Voters in Northern Ireland have to stop punishing politicians who compromise, ex-US president Bill Clinton has said.
He linked political paralysis to the rise of authoritarianism and warned the 15-month stalemate at Stormont would eventually reach its limit.
Mr Clinton said it was easy to underestimate the fragility of the system following the 1998 Good Friday Agreement, which he supported.
At a talk to coincide with the 20th anniversary of the agreement, he told an audience at University College Dublin (UCD) on Monday night: “No one will drop off the face of the Earth with any of the reasonable compromises that have been discussed.
“The only thing that would be calamitous would be to let the whole thing die.
“To confine ourselves to purgatory or go back to hell instead of going into a future.”
Mr Clinton conjured an image of a political purgatory of broken hopes.
He said: “If you do that, slowly, you will begin to lose your democracy in the North.”
He added everybody could step back and make a new beginning.
“You have to be willing to give,” he said. “Compromise has to become a good thing, not a dirty word and voters have to stop punishing people who make those compromises and start rewarding them.”
Mr Clinton said inclusive groups made better decisions than homogenous ones.
He said too much paralysis meant voters began to elect those who would be the best boss – an allusion to the strongman dictatorships in other parts of the world.
“The most important thing is that the peace is held and nobody has questioned democracy,” he said.
When it comes to the present stalemate, he said: “There is simply a limit to how long people can go on. There is a limit to the elasticity of inertia, of paralysis.”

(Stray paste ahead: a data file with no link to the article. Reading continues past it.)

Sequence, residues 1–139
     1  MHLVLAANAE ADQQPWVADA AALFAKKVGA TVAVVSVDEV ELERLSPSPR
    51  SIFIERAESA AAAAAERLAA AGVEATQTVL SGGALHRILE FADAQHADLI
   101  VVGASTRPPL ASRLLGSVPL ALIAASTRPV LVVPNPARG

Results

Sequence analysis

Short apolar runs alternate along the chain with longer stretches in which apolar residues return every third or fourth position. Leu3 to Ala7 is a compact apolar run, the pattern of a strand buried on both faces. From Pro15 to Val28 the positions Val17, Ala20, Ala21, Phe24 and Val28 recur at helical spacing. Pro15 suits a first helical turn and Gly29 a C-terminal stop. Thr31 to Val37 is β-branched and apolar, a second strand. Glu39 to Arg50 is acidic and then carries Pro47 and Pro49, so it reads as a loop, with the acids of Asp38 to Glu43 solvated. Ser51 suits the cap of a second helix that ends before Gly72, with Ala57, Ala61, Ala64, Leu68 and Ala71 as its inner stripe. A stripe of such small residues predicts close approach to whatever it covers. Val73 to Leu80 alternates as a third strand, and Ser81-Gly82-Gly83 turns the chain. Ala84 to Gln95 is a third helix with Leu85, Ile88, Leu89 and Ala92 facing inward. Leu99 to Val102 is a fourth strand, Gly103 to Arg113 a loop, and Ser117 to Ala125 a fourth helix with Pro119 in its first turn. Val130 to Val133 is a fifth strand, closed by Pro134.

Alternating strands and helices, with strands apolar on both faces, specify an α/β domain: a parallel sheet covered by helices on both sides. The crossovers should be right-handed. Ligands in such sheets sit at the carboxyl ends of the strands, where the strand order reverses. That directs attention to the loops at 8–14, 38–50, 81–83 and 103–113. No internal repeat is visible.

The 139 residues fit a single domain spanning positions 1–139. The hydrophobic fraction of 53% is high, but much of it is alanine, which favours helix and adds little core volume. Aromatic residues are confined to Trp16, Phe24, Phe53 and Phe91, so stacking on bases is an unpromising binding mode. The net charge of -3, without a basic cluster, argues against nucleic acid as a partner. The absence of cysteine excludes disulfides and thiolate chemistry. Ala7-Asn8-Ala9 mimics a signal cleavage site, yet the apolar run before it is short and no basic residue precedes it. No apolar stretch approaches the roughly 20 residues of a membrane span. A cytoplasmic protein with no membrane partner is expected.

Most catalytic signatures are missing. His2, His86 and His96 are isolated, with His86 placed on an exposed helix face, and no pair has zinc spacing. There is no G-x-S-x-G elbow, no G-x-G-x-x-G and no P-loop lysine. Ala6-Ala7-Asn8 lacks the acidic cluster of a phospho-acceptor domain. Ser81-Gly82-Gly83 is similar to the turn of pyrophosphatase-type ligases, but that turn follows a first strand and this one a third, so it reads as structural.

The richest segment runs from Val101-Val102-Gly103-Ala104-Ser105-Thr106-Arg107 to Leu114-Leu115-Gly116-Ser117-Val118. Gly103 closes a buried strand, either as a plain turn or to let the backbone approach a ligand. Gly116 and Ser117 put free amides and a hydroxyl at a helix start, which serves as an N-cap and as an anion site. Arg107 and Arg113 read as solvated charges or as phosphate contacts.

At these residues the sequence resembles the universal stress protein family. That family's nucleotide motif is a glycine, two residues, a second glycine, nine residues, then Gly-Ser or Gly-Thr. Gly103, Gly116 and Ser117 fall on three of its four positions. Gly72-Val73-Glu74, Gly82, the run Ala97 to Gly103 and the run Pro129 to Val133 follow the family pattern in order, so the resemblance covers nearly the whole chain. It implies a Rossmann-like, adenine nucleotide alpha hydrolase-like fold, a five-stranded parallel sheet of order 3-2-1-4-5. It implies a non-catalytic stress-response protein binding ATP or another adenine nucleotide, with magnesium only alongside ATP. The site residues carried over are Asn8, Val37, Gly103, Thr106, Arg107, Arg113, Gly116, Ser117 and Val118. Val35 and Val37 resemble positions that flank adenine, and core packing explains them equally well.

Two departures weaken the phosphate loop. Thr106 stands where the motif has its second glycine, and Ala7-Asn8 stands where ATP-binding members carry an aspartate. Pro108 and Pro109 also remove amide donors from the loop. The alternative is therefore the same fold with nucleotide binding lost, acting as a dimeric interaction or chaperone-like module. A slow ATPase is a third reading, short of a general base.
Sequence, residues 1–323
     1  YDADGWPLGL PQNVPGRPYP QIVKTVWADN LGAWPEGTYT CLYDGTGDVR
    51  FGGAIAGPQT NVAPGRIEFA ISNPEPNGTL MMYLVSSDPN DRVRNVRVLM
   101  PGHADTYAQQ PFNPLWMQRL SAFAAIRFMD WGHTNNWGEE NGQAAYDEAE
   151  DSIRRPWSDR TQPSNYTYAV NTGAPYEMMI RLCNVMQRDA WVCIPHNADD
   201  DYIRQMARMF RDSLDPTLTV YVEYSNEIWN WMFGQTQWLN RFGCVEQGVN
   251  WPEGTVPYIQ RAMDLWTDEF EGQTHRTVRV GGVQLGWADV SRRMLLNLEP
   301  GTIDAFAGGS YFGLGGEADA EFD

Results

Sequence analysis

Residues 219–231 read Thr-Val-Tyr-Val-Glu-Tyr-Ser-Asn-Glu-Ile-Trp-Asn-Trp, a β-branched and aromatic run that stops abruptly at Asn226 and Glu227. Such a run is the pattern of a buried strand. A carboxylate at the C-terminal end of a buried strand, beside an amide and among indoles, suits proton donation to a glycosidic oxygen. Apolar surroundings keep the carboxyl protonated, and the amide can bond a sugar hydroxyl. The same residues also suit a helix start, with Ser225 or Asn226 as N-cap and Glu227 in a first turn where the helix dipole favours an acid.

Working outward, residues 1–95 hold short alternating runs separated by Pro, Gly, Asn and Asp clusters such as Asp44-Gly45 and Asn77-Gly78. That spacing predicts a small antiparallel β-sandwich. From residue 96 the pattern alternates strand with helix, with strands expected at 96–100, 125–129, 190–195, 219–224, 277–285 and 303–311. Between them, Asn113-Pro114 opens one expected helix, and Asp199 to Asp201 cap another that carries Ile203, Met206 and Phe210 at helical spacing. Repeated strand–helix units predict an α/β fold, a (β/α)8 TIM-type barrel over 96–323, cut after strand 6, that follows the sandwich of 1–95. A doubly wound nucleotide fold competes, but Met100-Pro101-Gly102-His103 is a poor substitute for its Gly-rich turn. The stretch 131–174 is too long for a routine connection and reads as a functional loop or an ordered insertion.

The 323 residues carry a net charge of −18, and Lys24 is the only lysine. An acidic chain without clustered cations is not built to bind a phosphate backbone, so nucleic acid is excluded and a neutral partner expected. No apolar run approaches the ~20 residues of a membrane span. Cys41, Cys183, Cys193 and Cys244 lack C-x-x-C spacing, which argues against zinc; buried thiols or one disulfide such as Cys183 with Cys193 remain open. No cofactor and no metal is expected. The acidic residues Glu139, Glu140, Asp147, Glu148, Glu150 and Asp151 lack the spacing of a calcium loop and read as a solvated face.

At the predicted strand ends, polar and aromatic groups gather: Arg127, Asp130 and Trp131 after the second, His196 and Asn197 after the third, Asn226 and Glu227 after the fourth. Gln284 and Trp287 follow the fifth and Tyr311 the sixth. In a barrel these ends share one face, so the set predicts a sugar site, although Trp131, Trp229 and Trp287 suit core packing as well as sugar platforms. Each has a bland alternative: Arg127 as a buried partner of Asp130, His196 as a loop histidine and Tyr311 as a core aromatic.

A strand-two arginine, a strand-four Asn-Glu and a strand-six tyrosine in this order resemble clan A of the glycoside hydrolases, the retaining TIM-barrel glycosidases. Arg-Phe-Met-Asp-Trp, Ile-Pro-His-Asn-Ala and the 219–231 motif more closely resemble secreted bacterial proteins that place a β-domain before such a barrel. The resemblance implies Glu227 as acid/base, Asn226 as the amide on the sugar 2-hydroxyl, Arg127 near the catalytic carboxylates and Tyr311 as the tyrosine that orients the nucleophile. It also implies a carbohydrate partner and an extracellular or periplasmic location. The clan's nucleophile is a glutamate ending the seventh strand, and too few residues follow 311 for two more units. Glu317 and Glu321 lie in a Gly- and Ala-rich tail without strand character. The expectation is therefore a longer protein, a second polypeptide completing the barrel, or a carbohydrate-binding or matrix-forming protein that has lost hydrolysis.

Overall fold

At one point, talking about the violence which erupted during the 1990s in the Balkans, he wondered: “Is there something in human psychology that makes us not only struggle to be different to others ... [but also] to make the next little step, which means: different and unique is better?”
Mr Clinton recalled staying up into the small hours the night the 1998 Northern Irish deal was struck, enjoying only a couple of hours sleep as he conversed with his special representative in Belfast.
He concluded: “In his Nobel Prize speech Seamus Heaney also said of WB Yeats that his intent was to clear a space in the mind and the world for the miraculous.
“Twenty years ago tomorrow, 17 hours late, everybody impatient, some brave people cleared a space for the miraculous – you should fill it.”
During his talk, the veteran Democrat also took a swipe at right-wing Tea Party-style elements in US politics.
He drew laughs when he said: “We got a person who went to Harvard Law School running for the Senate in Alaska, who says that social security and unemployment compensation are both unconstitutional because the framers [those who helped create it during the late 18th century] did not mention them in the constitution. I couldn’t make this up.”
He added a republican who is running against the Democratic mayor of Denver had said that the city’s bicycle paths are “a UN plot to take sovereignty of the city of Denver away from the US”.
He suggested such political trends arise out of growing inequality and “disempowered” people, who are “just mad” and “blame the government”.
The talk was hosted by the Clinton Institute for American Studies at UCD, and its director Liam Kennedy said Mr Clinton would “always be welcomed and revered” as “one of the great architects” of the Good Friday Agreement, who “took risks” for the peace process.
The Clinton Institute dates back to 2001, when the Irish government decided that an American studies department should be established, and named after Mr Clinton.
It describes itself in summary as follows: “Through research, teaching and public engagement the UCD Clinton Institute promotes advanced study of the United States and its global relations.”